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View Full Version : Thieves that come in the night(and daytime) Smart phone dystopia?



ishmael
10-06-2017, 01:36 PM
I've been wondering about the impact of smartphones for awhile now. A not terribly sanguine assessment by insiders.

https://www.theguardian.com/technology/2017/oct/05/smartphone-addiction-silicon-valley-dystopia

Norman Bernstein
10-06-2017, 01:43 PM
There is undoubtedly a great deal of merit in the arguments presented in this article....

...but it noticeably fails to mention the beneficial radical changes brought about by this sort of technology to inform, above and beyond its ability to connect socially.

I've always been concerned about the ability of corporations to use social media and other net-connected apps to characterize each and every one of us, providing the ability to 'target' each of us, for the purposes of sales.....

...but I'm overwhelmingly more concerned about this same capability to target each of us politically. Shaping opinion has gotten too easy, I think.

Flying Orca
10-06-2017, 01:47 PM
Where have I heard this sort of thing before? Oh, yes:


O tempora o mores!

Ralphie Boy
10-06-2017, 05:39 PM
One effect I notice with smartphones et al has been the death of "Downtime". Every spare second can now be utilized by doing something (worthless or worthwhile) on your phone.

skuthorp
10-06-2017, 06:28 PM
Downtime Solution: Leave it in the drawer at home. I do frequently.
Most of us lived most of our lives without the need for such devices, you still can you know.

Technology is a useful servant, but a terrible master.

Flying Orca
10-06-2017, 07:01 PM
Funny, for me it's kind of the opposite. Downtime is reading time for me, and with a library on my phone, I can read whenever and wherever I have a spare moment or three.

Vince Brennan
10-06-2017, 08:32 PM
We're temporarily in an apartment complex, the lowest situated apartment facing a large, parklike expanse with few but quite large trees. The first week, my wife commented frequently on the dearth of songbirds and others, but I found that in sitting on the postage-stamp patio and just watching the largest trees, I found there was an incredible amount of avian activity... it was just quiet!

Robins didn't choip, mockingbirds didn't mock, the jays must have been blue 'cos they were silent and the dees didn't chick.

After a few days of spending an hour or so just watching the boidies, I began to hear some song and the boidies began to flutter about more and more.

Today I got two visits from Mockingbirds... one flew into the fig tree by the patio and hopped about, examining me from several distances and angles. Then an hour llater, one zipped in and landed right by my head and allowed, loudly, that perhaps I should find other accommodations.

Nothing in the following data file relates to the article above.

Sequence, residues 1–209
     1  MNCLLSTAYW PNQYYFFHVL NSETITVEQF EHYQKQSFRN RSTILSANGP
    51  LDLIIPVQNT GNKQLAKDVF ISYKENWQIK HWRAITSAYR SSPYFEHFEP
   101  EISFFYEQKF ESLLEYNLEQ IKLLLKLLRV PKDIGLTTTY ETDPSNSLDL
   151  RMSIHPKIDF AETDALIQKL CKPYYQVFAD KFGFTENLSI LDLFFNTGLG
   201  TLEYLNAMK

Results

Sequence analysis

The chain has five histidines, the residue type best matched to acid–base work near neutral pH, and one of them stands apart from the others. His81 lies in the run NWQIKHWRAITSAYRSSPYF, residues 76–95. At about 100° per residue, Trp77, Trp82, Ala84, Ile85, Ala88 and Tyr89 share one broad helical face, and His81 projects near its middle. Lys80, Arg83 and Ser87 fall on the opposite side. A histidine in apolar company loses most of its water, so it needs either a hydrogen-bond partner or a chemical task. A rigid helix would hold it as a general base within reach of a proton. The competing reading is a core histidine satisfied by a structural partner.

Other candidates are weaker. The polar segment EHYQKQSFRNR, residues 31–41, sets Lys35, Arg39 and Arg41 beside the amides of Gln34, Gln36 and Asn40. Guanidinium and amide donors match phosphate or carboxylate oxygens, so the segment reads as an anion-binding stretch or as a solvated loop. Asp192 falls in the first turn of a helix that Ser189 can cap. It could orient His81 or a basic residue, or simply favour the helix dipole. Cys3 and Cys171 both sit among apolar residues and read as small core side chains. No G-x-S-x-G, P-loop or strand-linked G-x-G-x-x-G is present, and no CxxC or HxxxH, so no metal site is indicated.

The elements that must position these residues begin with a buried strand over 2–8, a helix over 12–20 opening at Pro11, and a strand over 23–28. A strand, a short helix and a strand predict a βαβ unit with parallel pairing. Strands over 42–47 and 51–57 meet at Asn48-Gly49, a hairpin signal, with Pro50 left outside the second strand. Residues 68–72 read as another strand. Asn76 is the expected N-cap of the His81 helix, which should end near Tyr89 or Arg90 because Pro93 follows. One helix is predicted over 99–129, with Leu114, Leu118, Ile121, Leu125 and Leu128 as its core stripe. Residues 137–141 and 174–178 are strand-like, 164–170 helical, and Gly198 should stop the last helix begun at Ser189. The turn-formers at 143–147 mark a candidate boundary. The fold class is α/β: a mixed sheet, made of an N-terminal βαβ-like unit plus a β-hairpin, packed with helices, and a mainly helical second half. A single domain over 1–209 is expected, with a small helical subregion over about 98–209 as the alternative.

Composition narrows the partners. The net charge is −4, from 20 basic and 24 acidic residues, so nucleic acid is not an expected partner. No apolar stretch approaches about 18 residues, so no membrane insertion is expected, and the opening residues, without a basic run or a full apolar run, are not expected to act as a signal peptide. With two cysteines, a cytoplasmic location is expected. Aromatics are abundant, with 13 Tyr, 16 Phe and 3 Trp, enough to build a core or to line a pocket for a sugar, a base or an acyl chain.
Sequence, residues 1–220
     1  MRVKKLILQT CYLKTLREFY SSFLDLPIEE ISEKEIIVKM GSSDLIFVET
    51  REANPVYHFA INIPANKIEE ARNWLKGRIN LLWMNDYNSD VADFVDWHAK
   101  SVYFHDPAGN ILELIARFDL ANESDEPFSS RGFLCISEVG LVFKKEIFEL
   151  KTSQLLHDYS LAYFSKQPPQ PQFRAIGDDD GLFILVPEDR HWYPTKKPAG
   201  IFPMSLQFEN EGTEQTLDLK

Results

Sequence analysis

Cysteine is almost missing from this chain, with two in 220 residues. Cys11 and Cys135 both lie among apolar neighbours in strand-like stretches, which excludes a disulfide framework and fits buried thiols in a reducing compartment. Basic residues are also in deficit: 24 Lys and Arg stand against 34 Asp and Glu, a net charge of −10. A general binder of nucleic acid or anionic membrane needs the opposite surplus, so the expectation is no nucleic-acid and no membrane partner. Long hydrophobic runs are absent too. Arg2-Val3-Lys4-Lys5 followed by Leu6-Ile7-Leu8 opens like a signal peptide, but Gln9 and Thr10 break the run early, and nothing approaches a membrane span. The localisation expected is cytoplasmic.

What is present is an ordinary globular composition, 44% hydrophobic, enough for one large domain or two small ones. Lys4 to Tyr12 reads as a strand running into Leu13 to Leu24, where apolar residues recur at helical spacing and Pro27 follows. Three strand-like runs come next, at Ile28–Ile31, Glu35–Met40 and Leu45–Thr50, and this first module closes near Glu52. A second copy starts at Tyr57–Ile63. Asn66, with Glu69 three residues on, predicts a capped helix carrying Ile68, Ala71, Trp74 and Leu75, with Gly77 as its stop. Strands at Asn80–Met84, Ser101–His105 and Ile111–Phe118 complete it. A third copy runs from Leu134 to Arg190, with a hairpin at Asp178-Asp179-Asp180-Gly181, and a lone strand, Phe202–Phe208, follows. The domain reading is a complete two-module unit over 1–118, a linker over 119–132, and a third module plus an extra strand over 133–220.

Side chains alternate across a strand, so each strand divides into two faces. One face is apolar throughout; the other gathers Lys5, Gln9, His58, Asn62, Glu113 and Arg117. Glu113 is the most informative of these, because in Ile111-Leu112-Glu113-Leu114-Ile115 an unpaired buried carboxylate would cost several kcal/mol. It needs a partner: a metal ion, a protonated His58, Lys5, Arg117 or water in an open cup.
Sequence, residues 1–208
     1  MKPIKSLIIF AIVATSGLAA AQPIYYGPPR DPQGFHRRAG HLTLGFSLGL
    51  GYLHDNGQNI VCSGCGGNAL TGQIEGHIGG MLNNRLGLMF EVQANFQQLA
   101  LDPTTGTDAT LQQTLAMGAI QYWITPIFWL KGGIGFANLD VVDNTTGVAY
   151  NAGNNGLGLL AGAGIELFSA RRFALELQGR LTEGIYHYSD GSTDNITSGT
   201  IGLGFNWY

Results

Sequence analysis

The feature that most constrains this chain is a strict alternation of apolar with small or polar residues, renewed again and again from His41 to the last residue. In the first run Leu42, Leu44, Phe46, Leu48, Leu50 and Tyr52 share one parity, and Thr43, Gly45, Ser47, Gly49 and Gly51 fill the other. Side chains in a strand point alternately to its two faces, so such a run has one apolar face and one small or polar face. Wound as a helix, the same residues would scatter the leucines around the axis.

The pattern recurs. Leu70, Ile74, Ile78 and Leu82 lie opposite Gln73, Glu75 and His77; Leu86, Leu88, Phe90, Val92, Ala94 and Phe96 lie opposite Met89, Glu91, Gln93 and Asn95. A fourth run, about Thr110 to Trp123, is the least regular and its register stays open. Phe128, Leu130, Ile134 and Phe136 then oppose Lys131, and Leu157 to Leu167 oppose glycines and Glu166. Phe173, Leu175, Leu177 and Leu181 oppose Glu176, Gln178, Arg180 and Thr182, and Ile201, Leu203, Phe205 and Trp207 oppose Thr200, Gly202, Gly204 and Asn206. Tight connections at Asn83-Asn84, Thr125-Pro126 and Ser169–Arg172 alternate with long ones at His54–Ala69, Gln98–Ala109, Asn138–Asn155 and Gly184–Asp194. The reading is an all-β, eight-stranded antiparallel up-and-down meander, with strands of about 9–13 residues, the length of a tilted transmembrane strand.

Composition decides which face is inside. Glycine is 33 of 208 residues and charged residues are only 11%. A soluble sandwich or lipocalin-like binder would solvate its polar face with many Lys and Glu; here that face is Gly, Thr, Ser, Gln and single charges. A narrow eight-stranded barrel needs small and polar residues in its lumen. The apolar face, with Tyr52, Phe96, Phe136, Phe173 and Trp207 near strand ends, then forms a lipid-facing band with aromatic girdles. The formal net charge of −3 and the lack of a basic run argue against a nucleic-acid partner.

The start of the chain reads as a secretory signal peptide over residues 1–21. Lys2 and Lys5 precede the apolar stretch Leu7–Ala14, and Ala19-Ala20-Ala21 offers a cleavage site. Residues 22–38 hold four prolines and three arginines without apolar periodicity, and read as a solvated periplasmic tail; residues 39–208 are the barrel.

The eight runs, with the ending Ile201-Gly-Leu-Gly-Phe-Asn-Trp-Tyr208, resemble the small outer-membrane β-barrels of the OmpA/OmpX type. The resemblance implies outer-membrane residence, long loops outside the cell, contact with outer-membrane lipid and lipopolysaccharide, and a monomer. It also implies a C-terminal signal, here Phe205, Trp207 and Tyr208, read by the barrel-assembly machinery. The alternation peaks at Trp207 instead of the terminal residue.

What do Mockingbirds eat?

That's been MY downtime lately. Computers are so last week...

ishmael
10-07-2017, 01:07 AM
Ol' Cicero, given his time and place in Roman history, might have been on to something.

"History doesn't repeat itself, it rhymes."

Twain

Vince,

I've not seen mockingbirds quite this far north, but did have some marvelous encounters when I lived in Baltimore, MD.

Birds have become a special part of my life the last six months or so. They have much to teach us.

Robbie 2
10-07-2017, 02:19 AM
We had quite a long wait between trains in Union Station Chicago.
There were a large group of Amish people, men and women dressed much as I have seen on TV or Movies.
I always thought of Amish as very conservative........Horse & Buggies, Long Dresses & Bonnets for the ladies, Hats and Braces for the men.
This was in fact what I saw...........HOWEVER, I found it quite amusing to note that every young lady was using a smart phone.

ishmael
10-07-2017, 07:38 AM
The people you saw Robbie were likely Mennonites. I knew Amish folks when I did field work in Ohio many moons ago, and they didn't even have electricity. I'm not familiar with the particulars of the two sects, but it seems they often dress similarly.

Flying Orca
10-07-2017, 10:06 AM
Depends on the Mennonite. There are "plain-dress" Mennonites, who may be mistaken for the very closely related Amish sect, but there other schools of thought (and actual sects) within the realm of Mennonite theology and culture (which themselves are not necessarily all that close). Some more recent strains within the Mennonite heritage more closely resemble Quakers, or even Unitarians, and you wouldn't know them to see them. Hutterites, the communal-colony version of Mennonites, are another plain-dress group, but one which is quite comfortable with the appropriate use of high technology. And all of these groups have their former adherents; many of my friends come from Mennonite families, but would be Mennonite only in the cultural sense and not the religious sense. The term "recovering Mennonite" is well-recognized in these here parts.

I'm no expert, but Oystagirl's family is Mennonite with a strain of Hutterite, so one picks things up here and there.

Keith Wilson
10-07-2017, 10:15 AM
The article does an excellent job of presenting the downside And Norm says, it ignores the advantages; I very much like being able to access most information instantly, the equivalent of carrying around several sets of encyclopedias and a modest very well-organized reference library.

I work in a neighborhood where there are a lot of Somalis, fairly recently arrived. I never realized how handy a traditional hijab can be for holding a cell phone for hands-free conversation.